The classic join of two graphs $G$ and $H$ results in $G \vee H$ whose chromatic number

$\chi(G \vee H)$ = $\chi(G)$ + $\chi(H)$.

$G \vee H$ = $G \cup H \cup$ Complete bipartite between vertices of $G$ and $H$.

This introduces $n_G.n_H$ new edges. I am looking for other operations which increases the chromatic number with a limited increase in the number of edges. The Mycielskian is one of them. Are there any other such simple tricks for increasing the chromatic number? I am looking for a construction where fewer triangles(new) would be formed. Any references on such works are welcomed.

Thank you for going through this.


Maybe this is too obvious, but if you pick any subgraph with $\chi(G)+1$ vertices and then add edges to make it complete, the new graph has a strictly larger chromatic number and the same number of vertices and no more than $\binom{\chi(G)+1}{2}$ edges more than $G$.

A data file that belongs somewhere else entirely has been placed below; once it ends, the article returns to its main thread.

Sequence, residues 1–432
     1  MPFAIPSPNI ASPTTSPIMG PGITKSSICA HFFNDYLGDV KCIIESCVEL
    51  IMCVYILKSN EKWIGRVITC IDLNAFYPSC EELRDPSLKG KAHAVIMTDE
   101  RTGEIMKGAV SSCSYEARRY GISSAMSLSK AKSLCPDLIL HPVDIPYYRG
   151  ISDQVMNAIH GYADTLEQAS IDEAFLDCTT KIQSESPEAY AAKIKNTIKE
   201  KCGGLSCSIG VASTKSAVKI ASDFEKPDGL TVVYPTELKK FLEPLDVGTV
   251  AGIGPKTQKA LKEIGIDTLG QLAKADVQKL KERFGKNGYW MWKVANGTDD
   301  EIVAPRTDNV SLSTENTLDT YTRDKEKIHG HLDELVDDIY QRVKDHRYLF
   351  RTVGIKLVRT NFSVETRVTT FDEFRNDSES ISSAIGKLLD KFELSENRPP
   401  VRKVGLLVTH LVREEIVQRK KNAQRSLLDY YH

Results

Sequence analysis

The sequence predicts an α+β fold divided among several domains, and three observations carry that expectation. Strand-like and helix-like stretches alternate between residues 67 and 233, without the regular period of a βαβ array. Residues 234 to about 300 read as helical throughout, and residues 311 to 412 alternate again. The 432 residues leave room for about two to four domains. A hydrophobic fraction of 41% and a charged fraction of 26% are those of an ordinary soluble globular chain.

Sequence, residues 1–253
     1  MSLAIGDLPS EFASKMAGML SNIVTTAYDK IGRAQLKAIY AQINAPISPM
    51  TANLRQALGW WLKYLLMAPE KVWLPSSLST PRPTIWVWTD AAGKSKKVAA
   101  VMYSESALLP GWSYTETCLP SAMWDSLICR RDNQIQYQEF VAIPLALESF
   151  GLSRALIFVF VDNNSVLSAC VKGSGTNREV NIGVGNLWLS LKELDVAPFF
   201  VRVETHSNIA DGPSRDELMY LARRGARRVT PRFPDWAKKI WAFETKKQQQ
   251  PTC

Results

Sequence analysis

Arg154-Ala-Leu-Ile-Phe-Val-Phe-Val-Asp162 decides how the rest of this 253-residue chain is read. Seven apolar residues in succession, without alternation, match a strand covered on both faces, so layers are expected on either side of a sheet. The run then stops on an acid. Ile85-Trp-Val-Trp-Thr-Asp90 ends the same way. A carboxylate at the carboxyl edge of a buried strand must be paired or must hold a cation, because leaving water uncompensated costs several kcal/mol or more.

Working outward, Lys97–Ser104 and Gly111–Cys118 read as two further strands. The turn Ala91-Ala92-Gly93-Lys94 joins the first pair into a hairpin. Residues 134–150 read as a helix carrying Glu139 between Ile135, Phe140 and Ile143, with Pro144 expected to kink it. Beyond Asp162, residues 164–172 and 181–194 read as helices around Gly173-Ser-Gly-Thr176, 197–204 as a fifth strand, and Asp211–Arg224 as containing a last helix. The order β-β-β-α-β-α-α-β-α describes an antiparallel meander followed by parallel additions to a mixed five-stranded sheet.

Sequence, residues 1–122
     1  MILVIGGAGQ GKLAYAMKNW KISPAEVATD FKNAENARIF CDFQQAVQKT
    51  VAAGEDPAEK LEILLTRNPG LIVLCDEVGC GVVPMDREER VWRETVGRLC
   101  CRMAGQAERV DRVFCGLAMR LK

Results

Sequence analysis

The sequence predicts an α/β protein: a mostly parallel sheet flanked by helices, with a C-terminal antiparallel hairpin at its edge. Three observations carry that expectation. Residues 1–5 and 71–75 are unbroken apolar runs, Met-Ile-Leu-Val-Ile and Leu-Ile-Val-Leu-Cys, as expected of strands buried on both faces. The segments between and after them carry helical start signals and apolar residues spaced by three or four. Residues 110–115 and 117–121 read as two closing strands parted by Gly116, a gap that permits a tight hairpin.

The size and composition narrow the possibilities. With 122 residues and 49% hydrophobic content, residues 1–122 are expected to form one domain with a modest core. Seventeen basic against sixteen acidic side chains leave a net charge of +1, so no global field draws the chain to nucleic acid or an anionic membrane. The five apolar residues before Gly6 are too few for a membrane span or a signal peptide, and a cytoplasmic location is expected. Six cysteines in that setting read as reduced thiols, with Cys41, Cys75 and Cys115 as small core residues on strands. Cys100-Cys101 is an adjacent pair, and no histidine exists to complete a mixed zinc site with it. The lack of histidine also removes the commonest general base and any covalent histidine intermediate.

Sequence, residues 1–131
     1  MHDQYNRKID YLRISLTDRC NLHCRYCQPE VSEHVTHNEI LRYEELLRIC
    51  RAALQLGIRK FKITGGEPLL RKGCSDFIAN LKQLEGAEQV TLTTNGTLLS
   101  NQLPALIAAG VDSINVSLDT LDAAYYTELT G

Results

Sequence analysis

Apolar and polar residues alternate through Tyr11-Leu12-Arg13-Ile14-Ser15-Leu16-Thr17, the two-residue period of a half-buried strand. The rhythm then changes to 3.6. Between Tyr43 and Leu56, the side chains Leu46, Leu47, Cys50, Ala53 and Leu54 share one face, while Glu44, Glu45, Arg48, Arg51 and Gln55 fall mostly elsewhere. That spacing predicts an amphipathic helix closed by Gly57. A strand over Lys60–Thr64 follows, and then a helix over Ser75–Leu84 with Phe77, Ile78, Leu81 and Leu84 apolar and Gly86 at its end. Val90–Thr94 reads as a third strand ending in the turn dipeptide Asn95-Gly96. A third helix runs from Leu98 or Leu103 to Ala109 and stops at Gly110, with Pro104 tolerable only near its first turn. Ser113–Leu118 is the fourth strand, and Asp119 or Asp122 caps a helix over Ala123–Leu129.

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    $\begingroup$ I am really sorry for not mentioning this. Of course what you said is correct. I am looking for a construction which wouldn't allow many new triangles to be formed, as triangles limit the structure of the graph. Anyhow thanks. $\endgroup$ – user67773 Aug 13 '13 at 9:44

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